Potter is a veteran and has served as her police union’s president, the Star Tribune reported. At an earlier news conference, where authorities played a nearly one-minute dash-cam recording of the fatal incident, Gannon said it appears that Potter intended to fire her Taser but instead made an “accidental discharge” from her gun.
Potter had been suspended pending the results of a Minnesota Bureau of Criminal Apprehension investigation, the agency said. On Monday, Brooklyn Center leaders dismissed the city manager, potentially giving Mayor Mike Elliot the ability to fire the chief or officers in the department.
“I’m hoping Wednesday, but I want to have the opportunity to give my condolences to his family and explain to them my decision,” Orput said.
The suburban city of about 30,000 residents has been rocked by Wright’s killing as the Minneapolis area watches the ongoing trial of Derek Chauvin, the former Minneapolis officer charged with murder after kneeling on George Floyd’s neck for more than nine minutes.
According to local media, Potter has retained attorney Earl Gray. Gray is also representing former Minneapolis police officer Thomas Lane, who has also been charged in Floyd’s death. Neither Potter nor Gray immediately responded to messages from The Washington Post as of early Tuesday.
Potter joined the Brooklyn Center Police Department in 1995, according to her LinkedIn page. She was first licensed as a police officer in Minnesota at age 22 that same year, the Star Tribune reported. In 2019, she was elected president of the Brooklyn Center Police Officer’s Association, according to the group’s Facebook page. She was also a longtime member of the Minnesota Law Enforcement Memorial Association, where she served on its “casket team.”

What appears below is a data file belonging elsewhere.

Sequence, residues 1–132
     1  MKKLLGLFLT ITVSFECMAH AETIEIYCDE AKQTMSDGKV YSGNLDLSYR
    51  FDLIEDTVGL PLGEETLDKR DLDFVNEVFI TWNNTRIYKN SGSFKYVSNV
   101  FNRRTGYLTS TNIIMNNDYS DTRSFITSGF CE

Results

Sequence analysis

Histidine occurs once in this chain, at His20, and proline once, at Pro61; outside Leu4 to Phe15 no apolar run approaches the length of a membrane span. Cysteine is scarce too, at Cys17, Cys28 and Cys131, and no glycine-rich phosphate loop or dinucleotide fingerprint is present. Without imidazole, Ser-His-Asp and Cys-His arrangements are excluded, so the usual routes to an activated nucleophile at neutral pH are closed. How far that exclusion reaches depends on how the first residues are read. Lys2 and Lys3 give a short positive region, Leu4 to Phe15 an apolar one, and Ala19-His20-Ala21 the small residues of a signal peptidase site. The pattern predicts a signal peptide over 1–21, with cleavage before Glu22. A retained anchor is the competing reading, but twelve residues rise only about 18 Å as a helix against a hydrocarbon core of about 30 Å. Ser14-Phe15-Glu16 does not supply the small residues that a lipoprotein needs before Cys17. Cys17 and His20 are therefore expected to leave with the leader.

Potter, who is married to a former police officer and has two adult sons, most recently worked on the Brooklyn Center police’s negotiation team, the Star Tribune reported.
She has been involved in one fatal police shooting in the past.
In 2019, Potter was among the first to arrive at a home in the Minneapolis suburb after two officers fatally shot a mentally ill man six times after he allegedly lunged at them with a knife, according to a report released by the Hennepin County Attorney’s Office last year.
Once paramedics arrived, Potter ordered both of the officers to leave the house, sit in separate squad cars and deactivate their body cameras. As the union president at the time, she escorted one of the officers from the scene back to the police station and was later present when BCA investigators interviewed both officers, the report states.
The officers were not charged in the fatal shooting after prosecutors found they acted with “reasonable fear” after first firing their Tasers.
Potter’s actions in Wright’s death are shown in the video released by police on Monday.
A little before 2 p.m. on Sunday, two other unnamed officers and Potter pulled over Wright because of allegedly expired registration tags. Potter was acting as a field training officer and was training a new officer Sunday, Brian Peters, head of the Minnesota Police and Peace Officers Association, told the Star Tribune.
When the officers asked Wright for his identification, Gannon said at a Monday news conference, they found Wright had an outstanding warrant for a misdemeanor and attempted to take him into custody.
The video clip shows Wright slipping from an officer’s grip and returning to his car. That’s when Potter pulls out her gun and yells, “I’ll Tase you!” and then “Taser! Taser! Taser!” before firing.
Seconds later, Potter yells, “Holy s—, I shot him,” apparently realizing that she had fired her pistol instead of her Taser.
Wright drove a couple of blocks before crashing into another vehicle, police said, and was pronounced dead at the scene.
Peters defended Potter’s prior record as an officer on the force.
“She’s just a very dedicated, passionate, good person. It’s completely devastating,” he told the Star Tribune. “She [is] just a good person, always willing to help out.”
On Monday, the Hennepin County Medical Examiner said Wright died of a gunshot wound to his chest and ruled his death a homicide.
Nothing changes in America as Frank Zappa and the Mothers of Invention creatively reminded us after the 1965 Watts Riots with their classic song, “Trouble Everyday.” A link is attached.